Jun 14, 2023 - News

Pennsylvania's surging childcare costs

Illustration of a wooden bead and wire child's play set with a dollar sign created from the twisting wire

Illustration: Natalie Peeples/Axios

Childcare is becoming so expensive that some Pennsylvania parents have quit jobs or left the workforce entirely to care for their children.

Driving the news: The average cost of center-based daycare in Pennsylvania in 2021 was $11,346, amounting to 10 percent of a married couple's median income, according to a new report from the Annie E. Casey Foundation.

  • The burden on single parents was much higher, representing 35% of their median incomes.

Why it matters: Rising childcare costs can be financially crippling and disproportionately impact single working women, families of color and immigrants, experts say.

The big picture: Twelve percent of Pennsylvania's children under 5 lived in households in which someone quit, changed jobs or couldn't work because of childcare barriers.

  • Women were five to eight times more likely than men to suffer "negative employment consequences," per the report.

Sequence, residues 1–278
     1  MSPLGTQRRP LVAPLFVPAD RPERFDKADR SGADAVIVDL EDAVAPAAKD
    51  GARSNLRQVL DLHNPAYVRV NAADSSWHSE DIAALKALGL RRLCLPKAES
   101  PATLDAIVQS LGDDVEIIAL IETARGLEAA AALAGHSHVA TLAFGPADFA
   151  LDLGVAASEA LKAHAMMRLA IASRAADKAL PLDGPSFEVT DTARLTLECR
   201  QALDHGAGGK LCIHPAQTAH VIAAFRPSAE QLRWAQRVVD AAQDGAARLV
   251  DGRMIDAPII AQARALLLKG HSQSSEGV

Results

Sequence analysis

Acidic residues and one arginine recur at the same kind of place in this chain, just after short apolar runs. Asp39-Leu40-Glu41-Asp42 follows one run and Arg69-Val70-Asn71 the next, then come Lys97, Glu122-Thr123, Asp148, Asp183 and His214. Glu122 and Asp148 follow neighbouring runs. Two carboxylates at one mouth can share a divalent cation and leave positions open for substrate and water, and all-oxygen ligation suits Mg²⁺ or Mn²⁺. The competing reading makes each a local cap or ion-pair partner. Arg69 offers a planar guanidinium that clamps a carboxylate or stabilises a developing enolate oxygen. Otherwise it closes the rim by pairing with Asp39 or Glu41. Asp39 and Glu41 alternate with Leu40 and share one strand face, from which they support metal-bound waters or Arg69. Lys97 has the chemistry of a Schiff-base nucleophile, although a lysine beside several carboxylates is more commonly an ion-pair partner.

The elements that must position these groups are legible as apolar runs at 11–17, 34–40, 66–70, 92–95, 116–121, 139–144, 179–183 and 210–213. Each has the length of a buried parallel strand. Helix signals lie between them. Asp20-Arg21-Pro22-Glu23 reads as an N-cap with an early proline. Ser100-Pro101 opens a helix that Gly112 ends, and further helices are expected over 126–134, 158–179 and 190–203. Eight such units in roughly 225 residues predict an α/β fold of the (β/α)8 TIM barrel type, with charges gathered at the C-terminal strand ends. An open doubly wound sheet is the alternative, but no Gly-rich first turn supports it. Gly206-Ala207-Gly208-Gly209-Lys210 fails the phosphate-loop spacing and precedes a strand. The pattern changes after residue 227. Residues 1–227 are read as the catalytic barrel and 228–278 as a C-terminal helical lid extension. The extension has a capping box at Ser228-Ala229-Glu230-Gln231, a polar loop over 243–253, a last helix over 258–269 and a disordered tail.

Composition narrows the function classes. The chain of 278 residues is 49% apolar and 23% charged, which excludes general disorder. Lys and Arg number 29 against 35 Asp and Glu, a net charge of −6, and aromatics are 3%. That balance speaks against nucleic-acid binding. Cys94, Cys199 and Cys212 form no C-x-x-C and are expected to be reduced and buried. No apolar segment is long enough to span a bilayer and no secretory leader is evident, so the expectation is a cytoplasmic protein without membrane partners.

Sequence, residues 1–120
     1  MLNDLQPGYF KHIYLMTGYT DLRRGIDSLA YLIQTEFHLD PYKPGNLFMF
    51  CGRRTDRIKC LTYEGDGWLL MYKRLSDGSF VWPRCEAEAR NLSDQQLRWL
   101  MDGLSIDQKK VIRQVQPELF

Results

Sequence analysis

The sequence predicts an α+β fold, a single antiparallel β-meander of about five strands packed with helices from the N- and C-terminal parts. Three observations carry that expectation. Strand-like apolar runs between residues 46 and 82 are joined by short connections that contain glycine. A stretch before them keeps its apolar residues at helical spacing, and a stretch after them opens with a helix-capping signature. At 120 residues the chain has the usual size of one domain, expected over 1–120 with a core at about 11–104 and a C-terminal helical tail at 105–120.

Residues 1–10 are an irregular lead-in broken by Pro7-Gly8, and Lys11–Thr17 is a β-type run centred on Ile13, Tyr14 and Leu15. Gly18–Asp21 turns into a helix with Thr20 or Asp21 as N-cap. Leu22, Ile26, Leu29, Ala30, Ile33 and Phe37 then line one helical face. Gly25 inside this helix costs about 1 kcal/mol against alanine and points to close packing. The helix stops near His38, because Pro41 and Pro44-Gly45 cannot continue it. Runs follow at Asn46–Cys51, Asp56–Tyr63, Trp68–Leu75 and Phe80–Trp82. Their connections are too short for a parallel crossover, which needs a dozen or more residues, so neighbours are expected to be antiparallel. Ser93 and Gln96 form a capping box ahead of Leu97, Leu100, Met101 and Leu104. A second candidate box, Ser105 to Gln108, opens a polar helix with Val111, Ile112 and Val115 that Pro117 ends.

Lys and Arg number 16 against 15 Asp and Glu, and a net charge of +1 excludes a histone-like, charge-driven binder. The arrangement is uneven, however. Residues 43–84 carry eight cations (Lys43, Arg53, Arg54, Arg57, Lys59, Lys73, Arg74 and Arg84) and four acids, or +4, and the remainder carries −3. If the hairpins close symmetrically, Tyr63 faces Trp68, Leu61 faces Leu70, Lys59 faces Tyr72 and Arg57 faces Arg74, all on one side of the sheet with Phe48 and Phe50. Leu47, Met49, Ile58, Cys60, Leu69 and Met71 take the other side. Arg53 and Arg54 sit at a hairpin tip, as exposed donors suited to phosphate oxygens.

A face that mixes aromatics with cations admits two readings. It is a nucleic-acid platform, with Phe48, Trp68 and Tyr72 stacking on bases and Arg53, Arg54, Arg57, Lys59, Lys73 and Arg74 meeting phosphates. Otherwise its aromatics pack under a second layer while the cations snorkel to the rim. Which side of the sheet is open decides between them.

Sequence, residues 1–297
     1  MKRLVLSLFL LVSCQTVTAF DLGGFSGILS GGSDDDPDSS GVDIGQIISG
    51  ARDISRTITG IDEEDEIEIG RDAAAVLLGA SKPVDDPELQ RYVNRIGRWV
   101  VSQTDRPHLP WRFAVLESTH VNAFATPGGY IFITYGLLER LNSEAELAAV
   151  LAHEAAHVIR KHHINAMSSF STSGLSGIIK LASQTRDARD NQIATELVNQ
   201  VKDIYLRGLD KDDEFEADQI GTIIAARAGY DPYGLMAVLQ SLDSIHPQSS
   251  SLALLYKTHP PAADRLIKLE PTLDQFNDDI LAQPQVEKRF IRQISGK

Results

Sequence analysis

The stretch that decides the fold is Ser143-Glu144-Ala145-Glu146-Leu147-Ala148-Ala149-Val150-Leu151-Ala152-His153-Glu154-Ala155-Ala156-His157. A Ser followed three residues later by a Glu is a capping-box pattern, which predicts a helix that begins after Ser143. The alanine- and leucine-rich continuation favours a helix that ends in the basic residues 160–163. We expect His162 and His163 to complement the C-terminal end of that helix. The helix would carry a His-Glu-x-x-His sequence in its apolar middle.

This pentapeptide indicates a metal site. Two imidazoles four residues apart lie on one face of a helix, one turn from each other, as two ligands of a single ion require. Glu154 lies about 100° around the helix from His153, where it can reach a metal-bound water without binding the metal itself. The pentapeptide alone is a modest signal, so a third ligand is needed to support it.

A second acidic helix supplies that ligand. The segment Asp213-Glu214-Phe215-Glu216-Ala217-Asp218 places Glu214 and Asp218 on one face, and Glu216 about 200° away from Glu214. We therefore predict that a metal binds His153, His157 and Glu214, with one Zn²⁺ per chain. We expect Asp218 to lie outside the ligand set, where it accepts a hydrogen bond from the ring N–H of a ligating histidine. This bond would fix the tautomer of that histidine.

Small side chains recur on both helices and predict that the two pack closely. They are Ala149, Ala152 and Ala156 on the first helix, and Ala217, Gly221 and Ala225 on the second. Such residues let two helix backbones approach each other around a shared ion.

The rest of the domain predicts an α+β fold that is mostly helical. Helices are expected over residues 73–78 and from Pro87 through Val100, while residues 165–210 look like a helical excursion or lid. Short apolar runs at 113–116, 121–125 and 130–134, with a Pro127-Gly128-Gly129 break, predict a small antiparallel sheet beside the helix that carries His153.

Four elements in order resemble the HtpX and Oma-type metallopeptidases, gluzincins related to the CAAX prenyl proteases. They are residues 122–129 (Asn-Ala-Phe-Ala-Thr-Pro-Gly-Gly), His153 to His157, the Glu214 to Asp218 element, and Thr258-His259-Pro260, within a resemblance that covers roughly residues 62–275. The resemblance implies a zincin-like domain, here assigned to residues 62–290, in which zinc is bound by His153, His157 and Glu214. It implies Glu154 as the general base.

By the numbers: Center-based care for two children ate up about 56% of Black working mothers' median household incomes — more than double that of a white working mother, per an analysis of 2017 national data cited in the report.

  • For Latinos and Native American and Alaska Natives, it was 42% and 51%, respectively.

Yes, but: Home-based care in Pennsylvania was about $2,400 cheaper on average than center-based care.

What they're saying: Experts say more can be done to help struggling families. About 12 million children are in childcare, but only 1.3 million currently receive federal subsidies to offset costs.

Plus, an industry-wide staff shortage has exacerbated the problem of access and affordability, with children being waitlisted. The average Pennsylvania childcare worker earned $12.50 an hour, King said.

💰 Mike’s thought bubble: My monthly childcare costs for two children under 4 feels like a college tuition.

  • I also don’t understand why free schooling (i.e. childcare) begins for kids at 3 years old and not earlier.

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